The $11BN Tunnel To Link Scandinavia With The Mediterranean

The EU has long had serious issues with road congestion and air pollution with many cities on the continent suffering from the negative effects of population explosion. To combat these issues and to make the continent easily navigable, a tunnel project has been commissioned to connect Scandinavia in the north with the Mediterranean in the south. Hello and welcome to yet another exciting video. In this episode, we will tell you all you need to know about the $11 billion tunnel the EU plans to develop to link Scandinavia with the Mediterranean Sea. Here we go!

The EU is developing what it calls the SCAN-MED corridor which will run from Finland in Northern Europe all the way to Malta in the South. The tunnel will run through an overhead bridge that crosses a sea in the Danish capital of Copenhagen instead of completely passing through the torturous Alp Mountain ranges. Travelling through the Alps has been one that many had to make for decades, but all that seems to be coming to an end if the corridor is completed. To resolve the difficulties of travelling through the Alps, the European Union had given a seal of approval for the construction of an $11 billion tunnel through the very heart of the mountains to connect the north to the south for easy travels.

One of the parts the tunnel will cross is called the Brenner pass that sits about 1,371 meters above sea level. The pass is the lowest range passage through the Alps and it is motorable throughout the year. On this pass lies a railway that was built in 1867 to improve transportation of humans and cargo. By the 1970s, the railway was joined by an E45 motorway to create a major route for traffic moving towards the North Sea and all the way down to the Mediterranean. As of the time of making this video, the Brenner Pass handles more than 40% of freight passing through the Alps. Unfortunately, due to steep slopes that impact the performance of trains, more than 60% of freight is transported by road.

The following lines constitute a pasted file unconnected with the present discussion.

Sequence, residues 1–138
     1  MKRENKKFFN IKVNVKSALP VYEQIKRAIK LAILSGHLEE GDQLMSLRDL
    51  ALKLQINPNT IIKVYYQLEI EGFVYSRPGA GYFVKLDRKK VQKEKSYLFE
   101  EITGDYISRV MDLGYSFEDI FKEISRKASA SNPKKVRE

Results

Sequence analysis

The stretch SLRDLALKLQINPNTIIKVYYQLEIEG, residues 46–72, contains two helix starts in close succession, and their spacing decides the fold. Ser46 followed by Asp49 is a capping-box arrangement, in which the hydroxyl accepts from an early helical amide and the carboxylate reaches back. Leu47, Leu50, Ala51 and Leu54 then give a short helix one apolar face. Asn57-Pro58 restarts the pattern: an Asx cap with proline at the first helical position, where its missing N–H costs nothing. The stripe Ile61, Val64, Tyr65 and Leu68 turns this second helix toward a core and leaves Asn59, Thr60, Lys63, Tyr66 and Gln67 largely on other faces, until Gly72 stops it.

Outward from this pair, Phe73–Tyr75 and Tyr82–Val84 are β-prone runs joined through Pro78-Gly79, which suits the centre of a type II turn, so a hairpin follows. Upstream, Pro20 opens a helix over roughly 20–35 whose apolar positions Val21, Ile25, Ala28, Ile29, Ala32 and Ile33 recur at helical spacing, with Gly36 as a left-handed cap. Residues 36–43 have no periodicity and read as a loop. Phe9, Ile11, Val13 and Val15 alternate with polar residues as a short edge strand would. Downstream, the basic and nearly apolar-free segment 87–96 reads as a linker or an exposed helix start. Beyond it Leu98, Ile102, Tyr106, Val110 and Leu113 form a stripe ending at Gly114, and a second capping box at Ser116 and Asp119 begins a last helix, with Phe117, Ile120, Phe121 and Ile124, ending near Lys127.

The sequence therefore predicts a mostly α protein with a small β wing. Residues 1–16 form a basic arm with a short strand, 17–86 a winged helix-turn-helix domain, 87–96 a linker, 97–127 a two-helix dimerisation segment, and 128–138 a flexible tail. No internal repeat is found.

This massive movement of cargo along with human movement along this part has led to serious vehicular grid locks along the route. The noise, traffic and poor air quality has been unbearable so much so that in 1994, the EU chose to take action. To do so, several plans were laid on the table. One was to modify the rail lines but this plan was not feasible. So therefore, decision makers in the EU decided to commission the construction of a new railway tunnel through the mountains in dramatic fashion around stereo inclines and twisting routes that slow down the speed of trains.

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